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DVD Review

DVD cover

Flame & Citron


Starring: Thure Lindhardt and Mads Mikkelsen
RRP: £19.99
Certificate: 15
Available 29 June 2009

Copenhagen 1944. As World War II approaches its dying days, two hit men for the Danish freedom fighters codenamed ‘Flame’ and ‘Citron’ secretly put their lives on the line to fight the Nazis. The fearless and uncompromising Flame is a confirmed anti-fascist and dreams of the day when the group will assemble and openly launch an armed counterattack at the occupying power. The more sensitive family man, Citron, used to work primarily as a driver for Flame, but now finds himself becoming more deeply involved in the group’s work...

Flame & Citron (Flammen & Citronen) is a 2008 Danish movie that takes a look at the legendary resistance fighters Bent Faurschou-Hviid (Flame) and Jørgen Haagen Schmith (Citron). The movie stars Thure Lindhardt and Mads Mikkelsen as Flame and Citron respectively.

The movie examines how everything in war is not black and white - there are only shades of grey. And as we get to know our heroes throughout the movie we also learn what it was that prompted them to join the resistance. There's also a number of interesting twists, one of which sees our heroes suddenly unsure whether their cause is just.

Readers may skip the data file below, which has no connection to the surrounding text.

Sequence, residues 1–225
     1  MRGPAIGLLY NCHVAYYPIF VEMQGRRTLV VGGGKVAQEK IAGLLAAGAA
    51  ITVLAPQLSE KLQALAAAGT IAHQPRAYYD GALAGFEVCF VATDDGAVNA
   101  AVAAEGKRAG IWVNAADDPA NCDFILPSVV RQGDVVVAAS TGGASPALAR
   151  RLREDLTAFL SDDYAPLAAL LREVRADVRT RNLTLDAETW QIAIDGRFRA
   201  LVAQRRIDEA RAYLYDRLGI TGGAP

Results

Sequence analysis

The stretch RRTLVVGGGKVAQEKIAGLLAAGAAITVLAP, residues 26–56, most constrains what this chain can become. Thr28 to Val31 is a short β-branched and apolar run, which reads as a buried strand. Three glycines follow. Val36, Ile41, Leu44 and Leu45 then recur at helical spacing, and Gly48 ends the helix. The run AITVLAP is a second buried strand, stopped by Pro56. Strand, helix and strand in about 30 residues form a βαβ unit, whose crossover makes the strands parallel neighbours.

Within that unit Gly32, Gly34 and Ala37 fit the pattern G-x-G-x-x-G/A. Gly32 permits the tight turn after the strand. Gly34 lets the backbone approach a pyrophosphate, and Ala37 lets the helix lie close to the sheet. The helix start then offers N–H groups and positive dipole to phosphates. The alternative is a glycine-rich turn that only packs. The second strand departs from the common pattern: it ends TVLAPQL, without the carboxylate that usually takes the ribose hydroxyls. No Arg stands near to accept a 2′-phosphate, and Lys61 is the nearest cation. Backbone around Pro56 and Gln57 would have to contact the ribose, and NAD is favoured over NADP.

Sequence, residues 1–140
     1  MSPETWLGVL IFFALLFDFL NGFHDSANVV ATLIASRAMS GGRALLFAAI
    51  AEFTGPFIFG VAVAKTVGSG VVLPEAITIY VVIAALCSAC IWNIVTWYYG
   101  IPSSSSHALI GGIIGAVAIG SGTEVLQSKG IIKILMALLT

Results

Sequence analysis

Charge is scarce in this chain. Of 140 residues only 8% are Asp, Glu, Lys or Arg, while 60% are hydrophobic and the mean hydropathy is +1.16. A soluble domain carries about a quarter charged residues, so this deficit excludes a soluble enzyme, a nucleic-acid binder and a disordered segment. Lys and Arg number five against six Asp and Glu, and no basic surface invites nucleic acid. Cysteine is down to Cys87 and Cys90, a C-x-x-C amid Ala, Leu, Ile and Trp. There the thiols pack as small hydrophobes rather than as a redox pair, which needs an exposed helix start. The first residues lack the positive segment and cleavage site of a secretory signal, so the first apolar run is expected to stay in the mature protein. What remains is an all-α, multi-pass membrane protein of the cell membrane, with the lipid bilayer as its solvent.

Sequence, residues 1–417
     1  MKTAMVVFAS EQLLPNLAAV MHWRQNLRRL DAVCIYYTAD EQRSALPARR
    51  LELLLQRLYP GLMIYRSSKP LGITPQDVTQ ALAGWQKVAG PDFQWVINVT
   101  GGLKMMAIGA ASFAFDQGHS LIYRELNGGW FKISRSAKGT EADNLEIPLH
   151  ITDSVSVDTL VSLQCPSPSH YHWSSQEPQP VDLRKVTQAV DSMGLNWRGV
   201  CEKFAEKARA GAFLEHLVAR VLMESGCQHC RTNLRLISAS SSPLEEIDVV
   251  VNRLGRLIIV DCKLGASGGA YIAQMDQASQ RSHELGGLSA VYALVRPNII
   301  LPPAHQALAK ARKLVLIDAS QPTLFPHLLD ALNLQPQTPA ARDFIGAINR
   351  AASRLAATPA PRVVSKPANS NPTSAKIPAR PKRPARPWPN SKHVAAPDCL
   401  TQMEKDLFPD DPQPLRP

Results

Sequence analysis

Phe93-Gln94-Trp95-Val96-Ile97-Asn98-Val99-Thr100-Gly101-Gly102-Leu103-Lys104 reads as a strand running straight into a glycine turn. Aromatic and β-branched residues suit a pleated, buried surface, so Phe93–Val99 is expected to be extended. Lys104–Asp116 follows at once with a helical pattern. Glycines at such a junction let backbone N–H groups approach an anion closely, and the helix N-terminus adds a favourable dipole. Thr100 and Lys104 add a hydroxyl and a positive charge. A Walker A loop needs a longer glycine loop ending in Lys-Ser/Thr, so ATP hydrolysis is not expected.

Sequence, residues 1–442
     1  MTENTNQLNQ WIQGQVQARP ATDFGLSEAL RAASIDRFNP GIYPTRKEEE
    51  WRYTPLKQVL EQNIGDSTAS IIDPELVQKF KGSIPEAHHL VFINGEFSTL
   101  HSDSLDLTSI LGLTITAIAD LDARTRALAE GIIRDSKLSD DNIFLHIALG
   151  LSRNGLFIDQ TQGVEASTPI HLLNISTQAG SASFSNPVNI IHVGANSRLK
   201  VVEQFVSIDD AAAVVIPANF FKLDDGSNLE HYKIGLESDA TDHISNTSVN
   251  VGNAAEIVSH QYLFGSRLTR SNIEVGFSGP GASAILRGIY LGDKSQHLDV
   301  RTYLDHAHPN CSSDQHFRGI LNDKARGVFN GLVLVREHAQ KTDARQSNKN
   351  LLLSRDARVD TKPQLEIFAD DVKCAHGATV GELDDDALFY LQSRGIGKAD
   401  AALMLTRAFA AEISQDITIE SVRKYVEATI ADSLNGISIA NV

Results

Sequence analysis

When their immediate superior, Aksel Winther, orders them into action against two German officers, events suddenly spiral out of control. In the fall out doubts about their leadership begin to surface, and the pair come to feel that they are on shaky moral ground. Desperate, disillusioned and with a sense of having been betrayed, they decide only to trust each other and embark on one final mission - to assassinate the much feared and hated chief of the Gestapo, Hoffmann.

The movie is allegedly based on real events and eyewitness accounts from some of the people who came into contact with Flame and Citron.

Extras include interviews with Mads Mikkelsen (11 min, 50 sec); Thure Lindhardt (13 min, 17 sec); Ole Christian Madsen (22 min, 42 sec); the text based A Nation Under Occupation; and the theatrical trailer. To be honest the extras are nothing that great. The interviews are purely puff for the movie - no interesting questions are really asked outside of the standard soft questions you'd expect from promo interviews.

One of the things that annoyed me about this DVD was the fact that there are a number of trailers at the start of the disc that you have to sit through in order to get to the main menu. You can't hit the main/root menu buttons either as this function has been disabled. This form of forced advertising is something I'd expect on a rental disc, but not on one I'd paid good money to watch.

Taking the film on its own merits, it's a beautifully shot and well directed and acted tale. Just don't expect any laughs.


Nick Smithson

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